6-20-08 -- The SuperSonics said in court Friday that the city of Seattle tried to make it too expensive for them to leave town.
The “forced bleeding” accusations stemmed from a previously sealed document that was admitted Friday as an exhibit in the city’s lawsuit against the team. It discussed “locking them into losses” and exposing “the league to embarrassment in a market they like.”
In another newly revealed document, the man spearheading the city’s efforts to keep the Sonics—former U.S. Sen. Slade Gorton—acknowledged that failing to win government support for a KeyArena renovation this year would “considerably undercut” the city’s legal arguments.
Sonics owner Clay Bennett, who bought the team in 2006 for $350 million, is trying to move the Sonics to Oklahoma City, his hometown. He says the team could lose $60 million if forced to stay for the final two years of its lease at KeyArena, the NBA’s smallest venue.
The city is asking U.S. District Judge Marsha Pechman to enforce its terms, hoping two more years would be enough time to find a way to keep the Sonics—or at least another NBA team—in town.
A document titled “The Sonics Challenge, Why a Poisoned Well Affords a Unique Opportunity,” was carried by Gorton to a meeting at the home of former Sonics president Wally Walker last September. Also present were Microsoft Corp. chief executive Steve Ballmer and former Safeco Corp. CEO Mike McGavick.
The hour-and-a-half meeting and e-mails about it were the focus of questioning when Walker took the witness stand Friday.
“You wanted to make it too expensive to leave?” Sonics lawyer Paul Taylor asked Walker.
“Oh, I think that’s true, yes,” he answered. “I would have been fine with whatever it took to keep them from moving the team.”
But encouraging Bennett to sell was option B, Walker said, because the first choice was for him to keep the team in Seattle.
Citing the “poisoned well” strategy, Sonics attorneys argued that the city brought its lawsuit in an attempt to bleed Bennett’s ownership group, the Professional Basketball Club, hoping that the expense of litigation would induce him to sell to a local owner. Because the lawsuit was brought in bad faith, the city has “unclean hands,” and should not be allowed to reap the benefits of its actions in court, they say.
In response, the city insisted that by definition, suing to enforce its rights under the lease cannot be considered bad faith. Furthermore, its lawyers argued, the city cannot force the team to sell.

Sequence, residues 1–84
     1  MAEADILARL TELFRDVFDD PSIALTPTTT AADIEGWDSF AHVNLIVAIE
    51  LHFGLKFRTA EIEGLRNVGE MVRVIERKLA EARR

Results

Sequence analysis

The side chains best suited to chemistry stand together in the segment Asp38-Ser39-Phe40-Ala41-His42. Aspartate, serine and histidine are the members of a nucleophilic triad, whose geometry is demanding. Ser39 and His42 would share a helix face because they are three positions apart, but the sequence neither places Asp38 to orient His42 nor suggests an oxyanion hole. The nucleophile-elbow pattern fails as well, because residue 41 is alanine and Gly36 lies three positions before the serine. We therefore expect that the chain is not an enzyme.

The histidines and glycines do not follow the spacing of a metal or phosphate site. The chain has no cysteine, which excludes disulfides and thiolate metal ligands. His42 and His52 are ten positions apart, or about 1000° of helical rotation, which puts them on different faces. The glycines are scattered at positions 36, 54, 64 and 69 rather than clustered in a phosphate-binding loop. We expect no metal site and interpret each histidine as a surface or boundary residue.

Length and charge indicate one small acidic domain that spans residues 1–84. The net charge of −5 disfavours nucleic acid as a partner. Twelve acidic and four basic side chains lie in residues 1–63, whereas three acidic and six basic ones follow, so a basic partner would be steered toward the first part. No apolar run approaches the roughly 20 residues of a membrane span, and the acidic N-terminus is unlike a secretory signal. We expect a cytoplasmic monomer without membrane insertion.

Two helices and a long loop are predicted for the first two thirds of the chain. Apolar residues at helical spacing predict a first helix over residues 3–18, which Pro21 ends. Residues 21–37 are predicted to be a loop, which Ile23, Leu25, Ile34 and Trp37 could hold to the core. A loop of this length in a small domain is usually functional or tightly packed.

Courts are often reluctant to force parties to fulfill contract obligations against their will; instead, they require monetary damages to be paid to the injured party. But in this case, the lease says either side may “specifically enforce” its terms.
But on Feb. 13, Gorton wrote an e-mail to others working to keep the Sonics in town. He acknowledged the failure to win public and government support for a KeyArena renovation would make it less likely that a judge would force the Sonics to stay.
“The governor has spoken directly to the mayor … who feels that the attitude of the voters is so negative that he no longer plans to put a Seattle Center issue on the ballot this fall,” Gorton wrote. “This makes a final decision even next year dubious.
“I told the governor that this schedule almost inevitably means that the NBA will approve the transfer in April, subject to the lawsuit, and that it would considerably undercut our chances of specifically enforcing the KeyArena lease.”
Asked after court whether he agreed with Gorton’s assessment, Seattle lawyer Paul Lawrence said, “No. Absolutely not.”
Lawrence objected to the admission of the “poisoned well” document as an exhibit, saying the city had no hand in creating it. Walker testified that it was primarily drawn up by McGavick, who was working on his own as a concerned citizen and basketball fan.
Lawrence was overruled: At the time of the meeting, Gorton had been hired as Seattle’s lead counsel, Walker had been retained as a consultant, and Ballmer was considered a potential buyer for the team.
Friday was expected to be the final day of testimony, but Seattle City Councilman Nick Licata’s turn on the stand had not concluded by day’s end. The trial is scheduled to resume Thursday, with Licata to be followed by a rebuttal witness for the city, Deputy Mayor Tim Ceis, and closing arguments.
If Pechman rules that the team can leave, a separate trial would be held to determine what damages the team must pay the city for breaking the lease.